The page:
Only 650 of the 3,599 elderly patients discharged from hospital during the period, up to April 21, had actually been tested however, so it remains unclear exactly how many cases entered care homes in this way.
Towards the end of August, Scotland was reporting 78 coronavirus cases per day and on August 28 Police Scotland were handed powers to break up gatherings of more than 15 people in private dwellings under new Covid ‘house party’ laws.
On September 1, household visiting was banned altogether in Glasgow, East Renfrewshire and West Dunbartonshire, with East Dunbartonshire and Renfrewshire added to the restrictions one week later, followed by North and South Lanarkshire on September 11, and eventually the whole of Scotland from September 23.
The surge coincided with the arrival of thousands of young people from all over the UK and the world onto university campuses and student accommodation across Scotland.
Asymptomatic transmission in halls of residence was a well-known high risk which had already played out in US colleges in August, leading Scottish Government advisors to call for regular mass testing of the student population.
Their advice was not acted on and, as hundreds of students found themselves confined to their rooms and taking classes online, questions were asked about why they had been made to come back at all.
By the end of September, pubs and restaurants in Scotland were subject to a 10pm curfew as the Government sought, and failed, to stamp out the rising tide in cases.
As October arrived, US President Donald Trump tested positive for and recovered from Covid, telling his fellow citizens not to let the virus “take over your lives”.
By October 9, licensed hospitality venues in five health board areas – Greater Glasgow and Clyde, Lothian, Lanarkshire, Forth Valley and Ayrshire and Arran – closed for what Nicola Sturgeon described as a “short, sharp action to arrest a worrying increase in infection”.
The intervention was coloured by a row over how to distinguish cafes from restaurants, as the former were allowed to continue operating.
The Scottish Government defined them as premises “where the primary business activity is the sale of non-alcoholic drinks, snacks or light meals”, but the rules were later thrown into chaos when the owners of Eusebi’s Italian eaterie in Glasgow became the first business to successfully challenge attempts to force them to close.
On October 26, the second wave peaked with an average of 1,328 Covid cases per day in Scotland.
November saw the introduction of a five-level tier system, briefly allowing hospitality to re-open (albeit with 6pm curfews and alcohol bans) in parts of the Central Belt which had previously been in lockdown.
But a real beacon of hope came with the news, on November 9, that pharmaceutical giant Pfizer and its German partner, BioNTech, had developed the world’s first safe and effective Covid vaccine.
Not only was it the first vaccine ever successfully engineered against a coronavirus (SARS had died out before one could be created, and a possible MERS vaccine was still being trialled), it had been shown in clinical trials to be more than 90% effective at preventing Covid disease – an astonishing and unexpected result.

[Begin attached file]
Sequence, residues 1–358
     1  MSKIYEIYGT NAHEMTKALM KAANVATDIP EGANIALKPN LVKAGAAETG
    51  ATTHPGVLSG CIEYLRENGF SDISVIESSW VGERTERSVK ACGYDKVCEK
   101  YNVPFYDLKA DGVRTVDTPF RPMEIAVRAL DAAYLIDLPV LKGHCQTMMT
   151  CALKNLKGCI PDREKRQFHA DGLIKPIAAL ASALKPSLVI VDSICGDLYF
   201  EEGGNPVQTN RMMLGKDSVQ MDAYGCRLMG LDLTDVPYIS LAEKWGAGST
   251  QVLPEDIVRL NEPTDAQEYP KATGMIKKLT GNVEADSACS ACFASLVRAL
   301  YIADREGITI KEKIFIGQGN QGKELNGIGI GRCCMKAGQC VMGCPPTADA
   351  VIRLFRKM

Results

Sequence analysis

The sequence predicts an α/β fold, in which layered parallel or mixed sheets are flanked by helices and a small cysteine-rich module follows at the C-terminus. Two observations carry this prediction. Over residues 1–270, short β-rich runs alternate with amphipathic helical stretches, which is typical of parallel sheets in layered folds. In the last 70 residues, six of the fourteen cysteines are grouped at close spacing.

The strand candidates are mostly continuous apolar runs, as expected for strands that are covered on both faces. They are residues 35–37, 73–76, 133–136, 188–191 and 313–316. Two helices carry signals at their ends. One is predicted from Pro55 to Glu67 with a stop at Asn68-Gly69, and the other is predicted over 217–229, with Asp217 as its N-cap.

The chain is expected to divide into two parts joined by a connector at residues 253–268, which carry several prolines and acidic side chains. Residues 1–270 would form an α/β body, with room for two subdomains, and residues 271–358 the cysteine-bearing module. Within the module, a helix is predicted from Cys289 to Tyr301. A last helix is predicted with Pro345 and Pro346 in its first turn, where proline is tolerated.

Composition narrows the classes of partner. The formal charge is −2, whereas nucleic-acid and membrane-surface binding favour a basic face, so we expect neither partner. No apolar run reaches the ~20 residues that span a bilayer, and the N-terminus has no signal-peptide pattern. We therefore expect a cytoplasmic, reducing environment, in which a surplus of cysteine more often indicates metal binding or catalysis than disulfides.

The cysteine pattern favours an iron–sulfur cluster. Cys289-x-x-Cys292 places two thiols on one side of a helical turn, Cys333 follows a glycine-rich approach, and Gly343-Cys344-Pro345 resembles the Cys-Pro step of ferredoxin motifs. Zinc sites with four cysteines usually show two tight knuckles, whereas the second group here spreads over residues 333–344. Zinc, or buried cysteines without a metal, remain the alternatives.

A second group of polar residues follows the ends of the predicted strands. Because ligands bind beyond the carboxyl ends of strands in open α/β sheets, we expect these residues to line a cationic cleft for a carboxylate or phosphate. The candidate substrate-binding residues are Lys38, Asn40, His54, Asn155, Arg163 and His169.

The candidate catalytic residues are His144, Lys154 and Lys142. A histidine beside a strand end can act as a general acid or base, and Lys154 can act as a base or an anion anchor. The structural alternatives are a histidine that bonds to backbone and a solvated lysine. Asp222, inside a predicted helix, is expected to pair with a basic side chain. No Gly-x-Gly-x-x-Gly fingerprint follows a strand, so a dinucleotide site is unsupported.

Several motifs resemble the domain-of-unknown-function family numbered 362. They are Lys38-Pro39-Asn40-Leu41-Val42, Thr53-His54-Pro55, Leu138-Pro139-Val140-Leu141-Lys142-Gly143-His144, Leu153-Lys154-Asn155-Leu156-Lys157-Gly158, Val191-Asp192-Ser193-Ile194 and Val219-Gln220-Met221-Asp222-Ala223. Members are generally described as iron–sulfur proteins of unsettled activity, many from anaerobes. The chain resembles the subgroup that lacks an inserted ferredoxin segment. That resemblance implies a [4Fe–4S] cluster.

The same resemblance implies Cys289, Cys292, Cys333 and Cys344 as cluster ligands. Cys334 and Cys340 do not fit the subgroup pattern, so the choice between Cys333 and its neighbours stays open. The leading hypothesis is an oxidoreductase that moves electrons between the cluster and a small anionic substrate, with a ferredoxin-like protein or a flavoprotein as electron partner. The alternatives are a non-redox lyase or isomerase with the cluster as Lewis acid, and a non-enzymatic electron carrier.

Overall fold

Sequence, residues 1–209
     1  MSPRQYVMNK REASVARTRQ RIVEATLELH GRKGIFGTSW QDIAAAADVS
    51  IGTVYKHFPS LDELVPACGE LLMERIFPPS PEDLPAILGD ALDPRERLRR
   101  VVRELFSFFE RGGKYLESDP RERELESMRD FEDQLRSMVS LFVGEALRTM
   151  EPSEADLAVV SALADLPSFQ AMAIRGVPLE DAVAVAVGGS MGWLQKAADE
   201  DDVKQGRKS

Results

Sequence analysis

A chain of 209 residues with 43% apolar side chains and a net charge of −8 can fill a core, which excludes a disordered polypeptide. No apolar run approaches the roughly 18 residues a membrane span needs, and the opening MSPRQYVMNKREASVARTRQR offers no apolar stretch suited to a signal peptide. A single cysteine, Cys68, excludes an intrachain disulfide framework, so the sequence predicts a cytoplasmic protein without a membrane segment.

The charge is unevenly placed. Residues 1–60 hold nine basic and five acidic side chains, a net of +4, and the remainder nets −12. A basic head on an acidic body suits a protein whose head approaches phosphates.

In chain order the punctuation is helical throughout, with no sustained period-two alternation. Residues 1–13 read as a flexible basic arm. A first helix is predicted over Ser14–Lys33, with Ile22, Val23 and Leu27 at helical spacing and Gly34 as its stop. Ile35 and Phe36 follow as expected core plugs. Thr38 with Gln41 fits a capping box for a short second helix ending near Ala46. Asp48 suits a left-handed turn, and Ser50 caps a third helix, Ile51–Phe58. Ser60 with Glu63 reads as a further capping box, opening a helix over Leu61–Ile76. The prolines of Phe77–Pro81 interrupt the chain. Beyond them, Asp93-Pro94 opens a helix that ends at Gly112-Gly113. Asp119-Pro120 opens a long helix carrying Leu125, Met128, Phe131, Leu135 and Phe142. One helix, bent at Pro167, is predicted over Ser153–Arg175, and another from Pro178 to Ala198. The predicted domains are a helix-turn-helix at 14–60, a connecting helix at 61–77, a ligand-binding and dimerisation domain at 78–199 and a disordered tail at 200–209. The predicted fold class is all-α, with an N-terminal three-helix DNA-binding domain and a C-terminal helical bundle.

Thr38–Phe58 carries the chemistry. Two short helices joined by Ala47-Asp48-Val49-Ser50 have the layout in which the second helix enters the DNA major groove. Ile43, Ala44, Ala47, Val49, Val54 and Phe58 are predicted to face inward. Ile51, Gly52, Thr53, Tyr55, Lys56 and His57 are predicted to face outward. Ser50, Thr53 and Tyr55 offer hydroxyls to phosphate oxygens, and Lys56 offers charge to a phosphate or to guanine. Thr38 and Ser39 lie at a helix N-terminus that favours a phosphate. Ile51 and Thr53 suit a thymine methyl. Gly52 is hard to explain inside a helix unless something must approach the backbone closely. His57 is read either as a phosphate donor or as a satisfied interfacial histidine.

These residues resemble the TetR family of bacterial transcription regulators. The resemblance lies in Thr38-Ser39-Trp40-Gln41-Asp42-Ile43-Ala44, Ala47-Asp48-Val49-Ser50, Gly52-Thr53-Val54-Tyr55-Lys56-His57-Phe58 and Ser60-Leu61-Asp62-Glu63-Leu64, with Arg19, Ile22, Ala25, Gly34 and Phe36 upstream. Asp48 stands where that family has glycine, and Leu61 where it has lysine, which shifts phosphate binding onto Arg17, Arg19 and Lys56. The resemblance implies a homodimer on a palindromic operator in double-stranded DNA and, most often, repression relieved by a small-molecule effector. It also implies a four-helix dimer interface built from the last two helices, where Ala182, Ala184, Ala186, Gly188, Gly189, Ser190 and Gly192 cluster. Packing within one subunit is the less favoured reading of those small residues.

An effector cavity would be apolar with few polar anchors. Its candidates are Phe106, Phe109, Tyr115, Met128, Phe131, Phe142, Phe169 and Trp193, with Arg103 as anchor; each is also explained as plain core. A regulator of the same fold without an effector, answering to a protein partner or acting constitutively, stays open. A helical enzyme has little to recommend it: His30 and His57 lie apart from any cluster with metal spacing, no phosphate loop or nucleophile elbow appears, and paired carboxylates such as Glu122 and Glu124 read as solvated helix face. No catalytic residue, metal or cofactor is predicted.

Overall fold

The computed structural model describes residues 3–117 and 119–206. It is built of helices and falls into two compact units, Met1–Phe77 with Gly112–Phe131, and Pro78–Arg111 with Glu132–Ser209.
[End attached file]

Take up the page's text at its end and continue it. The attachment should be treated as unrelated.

It was closely followed on November 16 by the US-made Moderna vaccine, with close to 95% efficacy, and on November 23 by the UK’s own Oxford vaccine – produced in collaboration with AstraZeneca – which was said to be between 62 and 90% effective at preventing disease, depending on the dosage.
The “light at the end of the tunnel” breakthrough brought relief just as 11 council areas – Glasgow, Renfrewshire, East Renfrewshire, East Dunbartonshire, West Dunbartonshire, North and South Lanarkshire, East Ayrshire, South Ayrshire, Stirling and West Lothian – were escalated into Level Four, once again closing all hospitality venues along with non-essential shops, cinemas, and gyms.
December began with hope as the UK medicines regulator approved the Pfizer vaccine and, on December 12, 90-year-old grandmother Margaret Keenan became the first person in the world to be immunised against a disease that has so far claimed at least 1.7 million lives globally.
Families were told they would be able to form Christmas bubbles of up to three households for five days, from December 23 to 27, under agreements struck by all four national governments.
The move – already greeted with apprehension by public health experts and epidemiologists – quickly unravelled, however, as it emerged that the UK was in already the grip of a new, fast-spreading variant of the Covid virus which seems to have first emerged in Kent in September.
Then, on December 23, it transpired than an even more contagious mutant strain, originating in South Africa, had been detected in the UK.
We leave 2020 in the midst of a third wave, with average daily cases UK-wide rising 114% between November 29 and December 16.
Our best hope remains the vaccine, but we also face a long, uncertain winter and, potentially, a return to months-long lockdowns we believed were behind us.